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The most (stressful) time of the year

Ah the end of the semester. You’re making plans for Thanksgiving dinner, returning textbooks to the bookstore and preparing your Spotify Christmas playlist. After a semester’s worth of stress, you look forward to unwinding.

There’s just one problem; you’re still waitlisted for classes.

The horror of not knowing where you’ll be next semester and wondering how on Earth you’ll graduate on time without any writing intensives is consuming your thoughts, and makes sipping that eggnog a little less enjoyable.

Even with priority given to students with major and minor requirements, the process still breeds anxiety.

“I’m waitlisted for FCS 220 and I feel like the waitlisting system takes so long and is just making students more anxious and nervous about scheduling,” said Meghan Murphy, a junior health science major.

Sophomore Jem Salomon shares this feeling, and said even plan-B classes don’t always work out.

“I think the waitlist system causes a lot of anxiety and one has to always take in full account that if you don’t get in, you need another class to fall back on,” said Salomon. “But by the time you find out whether you really can’t take the class you get waitlisted on, every other class is filled. It’s just so stressful.”

Getting into decent Bradley Core Curriculum classes is difficult enough, but junior elementary education major Sarah David said signing up for classes became progressively worse as an upperclassman.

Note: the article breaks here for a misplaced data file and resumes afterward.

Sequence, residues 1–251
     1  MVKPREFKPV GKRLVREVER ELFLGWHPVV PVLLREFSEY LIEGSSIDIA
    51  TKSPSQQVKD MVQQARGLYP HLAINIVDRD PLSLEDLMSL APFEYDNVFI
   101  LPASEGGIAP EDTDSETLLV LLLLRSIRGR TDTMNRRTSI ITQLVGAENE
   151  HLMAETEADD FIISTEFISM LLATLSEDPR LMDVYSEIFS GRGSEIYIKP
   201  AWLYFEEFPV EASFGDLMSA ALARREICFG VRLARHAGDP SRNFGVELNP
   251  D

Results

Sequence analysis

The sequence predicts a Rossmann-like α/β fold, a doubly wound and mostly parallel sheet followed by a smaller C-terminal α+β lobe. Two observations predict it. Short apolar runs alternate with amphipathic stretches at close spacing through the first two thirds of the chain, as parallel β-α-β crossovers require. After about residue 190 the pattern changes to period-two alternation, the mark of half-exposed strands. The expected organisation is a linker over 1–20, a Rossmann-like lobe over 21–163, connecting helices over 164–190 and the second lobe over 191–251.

“Once the class levels get higher, it is hard to figure out what to do next since we have very [few] classes to fit our schedule,” said David. “That is why some students are forced to have harsh schedules that can either have them wake up for a 7:30 a.m. class or be stuck in classes for 8 hours straight.”

So what do we do about this? Can we do anything at all? As long as the honors students have priority scheduling, some class sizes are capped at 25 and the writing intensives are few-and-far-between, we’ll all just have to take part in these hunger games before cozying up to the fireplace.

There are, however, some tips to playing the game and doing so with a little less anxiety.

First, have a four-year plan. If you can’t get into the class this semester, knowing it could go into another semester could lessen the sweat on your brow.

Second, schmooze, schmooze, schmooze. If you reach out to the professor of the class and explain your reasoning for taking a creative writing course even though you’re a business major, the justification may be just enough to land you a seat.

Third, log out of Webster and make some tea. It won’t solve any of your class problems, but maybe it’ll calm you down enough to relax and enjoy the falling snow.

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